Since November 2016, Doctors Without Borders/Médecins Sans Frontières (MSF) has vaccinated over 675,000 children against measles, and cared for more than 14,000 patients, throughout five provinces in Democratic Republic of Congo, or DRC.
MSF teams are currently supporting the DRC Ministry of Health’s fight against measles. “We are facing a serious situation that requires a significant response effort. Time is of the essence for everyone involved: MSF, the Congolese authorities and other partners. We need to react quickly and decisively to prevent the spread of this highly contagious disease,” explains Jeroen Beijnsberger, head of the MSF mission in Kinshasa.
To guarantee effective immunization coverage (the vaccination of 95 per cent of children aged 6 months to 14 years) the teams must cover even the most remote areas. In a country as huge as the DRC, which also lacks road infrastructure, this can mean travelling hundreds of kilometres on motorbike, crossing rivers in dugout canoes, or walking for days through an inhospitable forest.
“To reach the village of Yalombe, I and three colleagues had to walk for six days, there and back, in the Lomami Park forest. We slept outdoors in the middle of the forest and had to ration our food supplies. We had to walk 120 kilometres through tall grasses covered in ants that sometimes got into our underwear. All of that was necessary to reach the village where our teams had to vaccinate more than 1,600 children,” says Daniel Cibangu, a nurse with one of the MSF teams working in Maniema province.
Logistics can be particularly challenging in more dangerous regions affected by the presence of armed groups, such as South Kivu and Tanganyka.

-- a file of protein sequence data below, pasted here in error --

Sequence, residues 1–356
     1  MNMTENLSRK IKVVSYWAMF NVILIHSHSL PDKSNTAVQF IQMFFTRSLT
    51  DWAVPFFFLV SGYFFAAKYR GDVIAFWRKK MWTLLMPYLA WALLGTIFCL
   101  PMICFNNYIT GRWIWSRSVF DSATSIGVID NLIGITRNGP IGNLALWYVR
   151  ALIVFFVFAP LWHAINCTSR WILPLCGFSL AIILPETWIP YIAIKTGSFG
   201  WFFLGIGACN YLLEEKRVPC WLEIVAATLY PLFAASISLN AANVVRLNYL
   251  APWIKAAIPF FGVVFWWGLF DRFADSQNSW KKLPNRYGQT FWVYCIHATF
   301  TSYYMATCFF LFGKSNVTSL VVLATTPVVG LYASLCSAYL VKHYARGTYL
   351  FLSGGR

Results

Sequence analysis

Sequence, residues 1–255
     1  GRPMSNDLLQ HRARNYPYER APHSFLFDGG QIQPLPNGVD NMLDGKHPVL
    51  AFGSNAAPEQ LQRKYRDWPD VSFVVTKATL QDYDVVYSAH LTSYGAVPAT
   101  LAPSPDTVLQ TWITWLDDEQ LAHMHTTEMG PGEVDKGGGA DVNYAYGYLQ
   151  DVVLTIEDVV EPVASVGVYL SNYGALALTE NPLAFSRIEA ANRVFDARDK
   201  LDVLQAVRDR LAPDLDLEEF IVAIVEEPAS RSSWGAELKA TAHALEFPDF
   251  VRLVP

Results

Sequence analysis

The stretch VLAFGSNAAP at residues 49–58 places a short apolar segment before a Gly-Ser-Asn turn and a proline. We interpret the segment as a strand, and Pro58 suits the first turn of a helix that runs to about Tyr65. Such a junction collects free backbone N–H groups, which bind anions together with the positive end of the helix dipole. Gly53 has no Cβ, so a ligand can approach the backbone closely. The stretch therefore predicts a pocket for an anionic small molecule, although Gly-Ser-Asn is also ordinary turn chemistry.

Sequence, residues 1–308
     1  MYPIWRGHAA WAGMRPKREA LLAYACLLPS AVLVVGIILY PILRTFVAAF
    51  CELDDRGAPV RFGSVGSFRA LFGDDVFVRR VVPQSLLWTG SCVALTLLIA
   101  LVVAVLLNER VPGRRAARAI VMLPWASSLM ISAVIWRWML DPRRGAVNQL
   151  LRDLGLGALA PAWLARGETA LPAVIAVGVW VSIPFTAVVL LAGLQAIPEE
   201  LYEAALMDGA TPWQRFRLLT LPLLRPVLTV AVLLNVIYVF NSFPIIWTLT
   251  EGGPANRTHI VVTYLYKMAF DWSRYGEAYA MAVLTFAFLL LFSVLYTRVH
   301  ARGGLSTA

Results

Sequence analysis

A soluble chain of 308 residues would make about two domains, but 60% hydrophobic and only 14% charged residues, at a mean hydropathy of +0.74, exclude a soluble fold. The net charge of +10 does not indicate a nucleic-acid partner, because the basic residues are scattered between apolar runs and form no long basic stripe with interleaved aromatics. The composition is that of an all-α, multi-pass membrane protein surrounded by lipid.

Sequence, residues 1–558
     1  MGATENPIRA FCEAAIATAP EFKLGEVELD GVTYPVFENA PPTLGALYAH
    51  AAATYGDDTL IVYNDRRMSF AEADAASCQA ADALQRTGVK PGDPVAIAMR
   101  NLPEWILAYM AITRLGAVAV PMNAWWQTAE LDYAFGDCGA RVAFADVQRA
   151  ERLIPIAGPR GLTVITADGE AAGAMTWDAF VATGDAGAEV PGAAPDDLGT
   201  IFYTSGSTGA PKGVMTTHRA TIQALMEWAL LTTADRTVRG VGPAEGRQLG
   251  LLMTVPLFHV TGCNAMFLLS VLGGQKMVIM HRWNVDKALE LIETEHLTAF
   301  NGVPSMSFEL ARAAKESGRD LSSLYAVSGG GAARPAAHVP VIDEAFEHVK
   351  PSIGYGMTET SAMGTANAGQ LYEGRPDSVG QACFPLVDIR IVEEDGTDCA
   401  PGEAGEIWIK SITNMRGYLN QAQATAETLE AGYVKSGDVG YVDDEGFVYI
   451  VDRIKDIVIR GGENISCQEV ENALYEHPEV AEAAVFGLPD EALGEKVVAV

Vaccination: The best weapon against measles
In addition to immunization campaigns, MSF teams are delivering medical care to measles patients, mainly children under the age of 10, providing outpatient treatment of symptoms, with a particular focus on malnourished children suffering from measles, as they are particularly vulnerable.
“When measles arrived in our village, a lot of children died, especially when the parents turned to traditional medicine. But those who rushed to the health centres were able to see that their children were saved,” explains Mwayuma Ramazani in the Kindu general referral hospital in Maniema province, where her child was hospitalized for measles complications. “I learned that MSF was there to help, so when my child got a fever I decided to go to the health centre. When I arrived at the centre, the MSF mobile team took us to the hospital.”
“In Manono, in Tanganyka province, nearly 900 children were hospitalized in January. Malnutrition is still a problem: malnourished children are weak and particularly susceptible to different illnesses, including measles,” says Gaudia Storni, MSF’s field manager.
Since November 2016, MSF teams have cared for more than 14,000 children in the provinces where they work.
According to official statistics, in recent years the Democratic Republic of Congo has had some success fighting measles. The number of cases fell by more than 95 per cent between 2011 and 2015.